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Home > News > PTI

Fence to keep out terrorists, not settle Kashmir issue: Vajpayee

January 02, 2004 14:38 IST

The fence that India is constructing along the Line of Control is an "operational requirement" to stop infiltration of terrorists, according to Prime Minister Atal Bihari Vajpayee, who will leave for Islamabad on Saturday to attend the four-day South Asian Association for Regional Cooperation summit.

"There is no question of India trying to settle the issue of Jammu and Kashmir by building a fence along the Line of Control," he said in an interview to Pakistani daily Dawn, which was published on Friday.

Regarding Pakistani assertions that the fence violates the bilateral accords between the two countries, Vajpayee said, "As you know India does not recognise the LoC as an international boundary. As the name implies, it is a line up to which our two countries exercise actual control on our respective sides. It was delineated by a bilateral agreement in Dec 1972."

He said the fence has the same objective as the recent ceasefire between the two countries, which is to stop infiltration of terrorists.

He rejected Pakistan's stand that bilateral issues could be raised at the SAARC summit. "Whenever a regional organisation is formed, it is to exploit the synergies and complimentary strengths of its member states. This can create collective entity more than the sum of individual companies."

Regional groupings that deal with bilateral issues dilute their collective strength, he said. "Successful regional groups like the European Union and ASEAN [Association of Southeast Asian Nations] have wisely followed the dictum that you should focus on issues that unite rather than let bilateral differences dominate your agenda. This is wisdom enshrined in SAARC charter and I think it is fundamental to SAARC's successful functioning," he said.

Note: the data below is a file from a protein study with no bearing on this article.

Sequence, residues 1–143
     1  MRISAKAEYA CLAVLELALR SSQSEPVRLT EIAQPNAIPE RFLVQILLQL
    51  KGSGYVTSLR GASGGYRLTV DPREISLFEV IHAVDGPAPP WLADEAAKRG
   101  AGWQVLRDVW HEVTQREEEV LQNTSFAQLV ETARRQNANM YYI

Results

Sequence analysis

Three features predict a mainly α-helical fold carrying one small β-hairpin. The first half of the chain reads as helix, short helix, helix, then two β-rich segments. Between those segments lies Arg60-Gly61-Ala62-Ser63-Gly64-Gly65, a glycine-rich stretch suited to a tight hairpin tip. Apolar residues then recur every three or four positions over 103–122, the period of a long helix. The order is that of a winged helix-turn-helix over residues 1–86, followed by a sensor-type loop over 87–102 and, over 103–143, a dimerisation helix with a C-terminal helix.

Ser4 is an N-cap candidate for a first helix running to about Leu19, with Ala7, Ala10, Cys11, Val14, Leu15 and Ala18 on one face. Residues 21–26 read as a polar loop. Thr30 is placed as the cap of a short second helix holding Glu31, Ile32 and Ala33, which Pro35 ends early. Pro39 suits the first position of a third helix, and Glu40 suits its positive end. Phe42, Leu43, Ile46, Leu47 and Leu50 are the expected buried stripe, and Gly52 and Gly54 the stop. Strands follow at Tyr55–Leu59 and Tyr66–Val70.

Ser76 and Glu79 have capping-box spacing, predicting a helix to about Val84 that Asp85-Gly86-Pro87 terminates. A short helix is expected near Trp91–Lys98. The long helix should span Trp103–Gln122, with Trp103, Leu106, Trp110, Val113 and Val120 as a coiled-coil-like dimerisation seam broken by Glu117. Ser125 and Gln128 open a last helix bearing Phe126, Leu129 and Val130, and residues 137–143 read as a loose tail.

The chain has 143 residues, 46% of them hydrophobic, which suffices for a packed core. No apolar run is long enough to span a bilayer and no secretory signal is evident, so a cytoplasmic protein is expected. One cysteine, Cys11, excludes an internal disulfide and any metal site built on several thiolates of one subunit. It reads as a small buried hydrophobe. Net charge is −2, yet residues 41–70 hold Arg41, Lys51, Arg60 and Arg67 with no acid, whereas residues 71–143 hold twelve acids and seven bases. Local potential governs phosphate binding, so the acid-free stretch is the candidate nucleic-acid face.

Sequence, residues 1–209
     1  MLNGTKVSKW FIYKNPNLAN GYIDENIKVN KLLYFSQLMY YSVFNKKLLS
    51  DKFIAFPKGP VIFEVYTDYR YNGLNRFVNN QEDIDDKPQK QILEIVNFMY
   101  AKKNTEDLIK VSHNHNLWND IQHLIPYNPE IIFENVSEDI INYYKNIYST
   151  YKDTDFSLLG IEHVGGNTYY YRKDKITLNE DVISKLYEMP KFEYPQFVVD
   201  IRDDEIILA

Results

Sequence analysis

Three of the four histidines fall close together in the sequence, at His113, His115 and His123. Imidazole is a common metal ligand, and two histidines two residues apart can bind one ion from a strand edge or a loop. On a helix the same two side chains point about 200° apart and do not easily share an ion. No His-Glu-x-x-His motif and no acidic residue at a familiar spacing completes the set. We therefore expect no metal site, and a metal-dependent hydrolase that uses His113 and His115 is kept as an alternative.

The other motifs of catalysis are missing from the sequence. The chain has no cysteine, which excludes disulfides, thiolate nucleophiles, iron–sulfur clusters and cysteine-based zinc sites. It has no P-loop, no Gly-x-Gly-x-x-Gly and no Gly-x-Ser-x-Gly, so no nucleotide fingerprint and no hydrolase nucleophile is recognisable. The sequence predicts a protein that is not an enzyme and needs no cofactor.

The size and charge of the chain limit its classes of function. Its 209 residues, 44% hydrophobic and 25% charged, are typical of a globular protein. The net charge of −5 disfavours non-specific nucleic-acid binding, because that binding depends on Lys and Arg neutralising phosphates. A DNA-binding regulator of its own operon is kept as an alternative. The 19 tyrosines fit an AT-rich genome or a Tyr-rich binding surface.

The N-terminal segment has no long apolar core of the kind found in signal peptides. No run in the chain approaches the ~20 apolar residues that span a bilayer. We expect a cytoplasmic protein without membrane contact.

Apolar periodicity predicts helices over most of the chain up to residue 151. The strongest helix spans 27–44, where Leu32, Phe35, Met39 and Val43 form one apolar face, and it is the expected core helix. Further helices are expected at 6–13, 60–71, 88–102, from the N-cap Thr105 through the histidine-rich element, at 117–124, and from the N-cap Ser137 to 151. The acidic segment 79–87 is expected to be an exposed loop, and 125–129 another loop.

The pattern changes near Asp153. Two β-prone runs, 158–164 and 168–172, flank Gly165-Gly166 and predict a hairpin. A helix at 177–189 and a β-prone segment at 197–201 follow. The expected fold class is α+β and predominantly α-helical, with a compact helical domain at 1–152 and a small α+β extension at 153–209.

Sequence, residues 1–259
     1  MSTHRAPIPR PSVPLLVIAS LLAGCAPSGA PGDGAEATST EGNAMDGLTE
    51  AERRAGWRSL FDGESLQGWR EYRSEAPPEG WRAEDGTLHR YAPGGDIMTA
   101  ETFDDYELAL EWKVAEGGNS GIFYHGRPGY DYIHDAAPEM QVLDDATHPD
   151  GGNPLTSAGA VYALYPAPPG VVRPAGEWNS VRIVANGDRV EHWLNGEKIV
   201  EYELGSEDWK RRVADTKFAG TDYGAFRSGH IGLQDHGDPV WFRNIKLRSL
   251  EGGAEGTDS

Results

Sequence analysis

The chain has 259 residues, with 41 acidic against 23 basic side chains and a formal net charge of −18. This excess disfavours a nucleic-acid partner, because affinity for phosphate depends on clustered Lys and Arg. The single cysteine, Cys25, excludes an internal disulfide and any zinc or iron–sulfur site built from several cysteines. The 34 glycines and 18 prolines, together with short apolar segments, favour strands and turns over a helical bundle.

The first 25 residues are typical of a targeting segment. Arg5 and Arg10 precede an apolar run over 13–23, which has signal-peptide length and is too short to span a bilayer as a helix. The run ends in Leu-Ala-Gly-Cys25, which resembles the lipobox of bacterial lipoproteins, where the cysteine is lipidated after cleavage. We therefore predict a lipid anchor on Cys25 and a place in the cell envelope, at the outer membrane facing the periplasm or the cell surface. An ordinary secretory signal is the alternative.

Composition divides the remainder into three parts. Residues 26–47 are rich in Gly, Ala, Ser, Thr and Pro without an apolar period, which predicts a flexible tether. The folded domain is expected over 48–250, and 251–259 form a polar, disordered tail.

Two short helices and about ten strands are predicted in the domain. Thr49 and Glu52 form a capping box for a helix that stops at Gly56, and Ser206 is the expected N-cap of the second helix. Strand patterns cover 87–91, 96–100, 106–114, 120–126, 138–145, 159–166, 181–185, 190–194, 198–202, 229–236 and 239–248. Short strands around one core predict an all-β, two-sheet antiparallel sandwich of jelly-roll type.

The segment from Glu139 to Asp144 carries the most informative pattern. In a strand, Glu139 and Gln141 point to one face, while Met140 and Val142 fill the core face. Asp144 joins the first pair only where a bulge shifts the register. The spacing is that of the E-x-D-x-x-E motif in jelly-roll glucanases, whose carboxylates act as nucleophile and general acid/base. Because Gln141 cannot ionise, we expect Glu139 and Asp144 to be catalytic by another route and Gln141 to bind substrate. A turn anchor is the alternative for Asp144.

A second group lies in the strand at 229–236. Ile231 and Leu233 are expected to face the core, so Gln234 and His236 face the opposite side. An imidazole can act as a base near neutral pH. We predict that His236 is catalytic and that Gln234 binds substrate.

Vajpayee reacted cautiously to building a $3 billion Iran-India gas pipeline, which is proposed to come via Pakistan. "The gas pipeline you have mentioned cannot be considered in isolation from the overall context of economic and commercial cooperation between India and Pakistan," he said.

The PM also spoke of huge Indian investments in exploration and exploitation of oil and gas resources in countries as varied as Russia, Sudan, Syria, Iran and Vietnam as well as in several places in India itself.

At the same time, Vajpayee agreed that in view of the present growth rate of the Indian economy and its current development plans, India has a very huge need for additional energy resources.

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